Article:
Hyperion Records

Shostakovich's Lady Macbeth of Mtsensk, Op 29 (Act II, Scene 4)

'Organ Fireworks, Vol. 4' (CDA66605)
Organ Fireworks, Vol. 4
Track 9 on CDA66605 [6'53] Archive Service

Shostakovich wrote the opera from which this Passacaglia is taken in his mid-twenties. It was an immediate success but was condemned, shortly after it was written, in a Pravda article headed ‘Muddle instead of Music’ which the composer believed was largely written by Stalin—who even vilified the opera as ‘leftish chaos instead of natural human music’! Stalin’s reaction to this opera set the seal on Shostakovich’s career in its turbulent development from then on.

The heroine of the opera, Katerina Ismailova, becomes by her situation and actions the ‘Lady Macbeth of Mtsensk’ of the story from which Shostakovich drew his libretto. She is trapped in a loveless, heirless marriage, and takes a lover who is caught and flogged by her father-in-law. In revenge she doses the latter’s mushrooms with rat poison and he dies, but not before naming her to the priest as his murderess. As this scene ends (Act II, Scene 4) the Passacaglia crashes in, a massive evocation of the forces in which Katerina is entangled. This arrangement of the Passacaglia for organ is by the composer.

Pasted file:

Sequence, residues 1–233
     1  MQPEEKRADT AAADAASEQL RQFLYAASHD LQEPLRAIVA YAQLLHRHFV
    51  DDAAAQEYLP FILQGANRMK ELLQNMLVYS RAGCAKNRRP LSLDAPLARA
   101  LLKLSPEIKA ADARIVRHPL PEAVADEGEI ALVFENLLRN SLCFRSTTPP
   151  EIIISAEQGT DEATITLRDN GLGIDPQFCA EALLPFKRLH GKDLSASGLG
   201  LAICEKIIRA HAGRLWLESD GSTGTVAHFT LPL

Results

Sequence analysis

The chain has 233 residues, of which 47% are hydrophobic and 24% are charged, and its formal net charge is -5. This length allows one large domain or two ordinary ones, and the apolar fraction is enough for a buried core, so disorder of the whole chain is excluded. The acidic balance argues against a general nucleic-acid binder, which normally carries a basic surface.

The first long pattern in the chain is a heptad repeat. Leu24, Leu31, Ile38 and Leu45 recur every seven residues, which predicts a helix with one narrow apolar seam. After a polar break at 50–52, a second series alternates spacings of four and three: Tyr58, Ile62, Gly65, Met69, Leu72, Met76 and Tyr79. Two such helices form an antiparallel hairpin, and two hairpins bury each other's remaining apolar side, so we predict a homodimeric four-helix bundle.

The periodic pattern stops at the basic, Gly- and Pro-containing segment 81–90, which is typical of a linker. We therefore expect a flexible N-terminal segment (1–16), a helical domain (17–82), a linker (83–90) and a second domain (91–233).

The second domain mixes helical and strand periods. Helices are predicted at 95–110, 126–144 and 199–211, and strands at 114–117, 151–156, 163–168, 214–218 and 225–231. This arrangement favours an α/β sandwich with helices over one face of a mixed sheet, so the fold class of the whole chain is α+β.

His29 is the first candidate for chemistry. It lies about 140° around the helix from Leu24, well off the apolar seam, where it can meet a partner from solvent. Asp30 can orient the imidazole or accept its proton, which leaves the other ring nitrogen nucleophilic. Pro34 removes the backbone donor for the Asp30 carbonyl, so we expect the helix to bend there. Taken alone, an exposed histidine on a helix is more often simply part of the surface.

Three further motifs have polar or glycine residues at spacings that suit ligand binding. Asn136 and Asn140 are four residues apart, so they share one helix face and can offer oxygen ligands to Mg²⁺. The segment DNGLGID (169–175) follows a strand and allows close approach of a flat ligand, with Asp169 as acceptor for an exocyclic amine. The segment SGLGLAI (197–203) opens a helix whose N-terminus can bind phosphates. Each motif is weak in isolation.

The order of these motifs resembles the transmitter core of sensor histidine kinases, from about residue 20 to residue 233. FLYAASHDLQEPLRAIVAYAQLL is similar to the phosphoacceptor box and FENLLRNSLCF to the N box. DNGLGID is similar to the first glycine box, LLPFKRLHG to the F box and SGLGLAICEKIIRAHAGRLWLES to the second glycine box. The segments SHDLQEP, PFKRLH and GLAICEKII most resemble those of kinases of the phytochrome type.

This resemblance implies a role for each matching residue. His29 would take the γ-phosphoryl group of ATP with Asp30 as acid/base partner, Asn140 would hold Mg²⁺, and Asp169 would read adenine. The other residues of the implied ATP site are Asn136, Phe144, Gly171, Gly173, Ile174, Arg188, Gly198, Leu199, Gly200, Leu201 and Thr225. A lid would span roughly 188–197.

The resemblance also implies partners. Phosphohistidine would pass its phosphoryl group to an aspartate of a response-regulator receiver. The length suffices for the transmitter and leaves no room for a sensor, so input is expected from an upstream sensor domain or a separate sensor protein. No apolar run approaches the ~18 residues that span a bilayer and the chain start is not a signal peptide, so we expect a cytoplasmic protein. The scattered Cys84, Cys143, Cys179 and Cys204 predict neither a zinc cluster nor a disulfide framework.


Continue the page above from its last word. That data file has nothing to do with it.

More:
from notes by Ian Carson © 1992

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